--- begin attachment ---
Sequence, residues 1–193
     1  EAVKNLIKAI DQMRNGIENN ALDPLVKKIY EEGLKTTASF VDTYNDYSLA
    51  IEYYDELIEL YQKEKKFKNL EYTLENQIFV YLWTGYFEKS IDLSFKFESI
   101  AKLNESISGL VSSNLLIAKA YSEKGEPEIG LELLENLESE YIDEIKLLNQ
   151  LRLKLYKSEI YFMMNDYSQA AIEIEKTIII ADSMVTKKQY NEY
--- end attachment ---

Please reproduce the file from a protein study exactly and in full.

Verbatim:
Sequence, residues 1–193
     1  EAVKNLIKAI DQMRNGIENN ALDPLVKKIY EEGLKTTASF VDTYNDYSLA
    51  IEYYDELIEL YQKEKKFKNL EYTLENQIFV YLWTGYFEKS IDLSFKFESI
   101  AKLNESISGL VSSNLLIAKA YSEKGEPEIG LELLENLESE YIDEIKLLNQ
   151  LRLKLYKSEI YFMMNDYSQA AIEIEKTIII ADSMVTKKQY NEY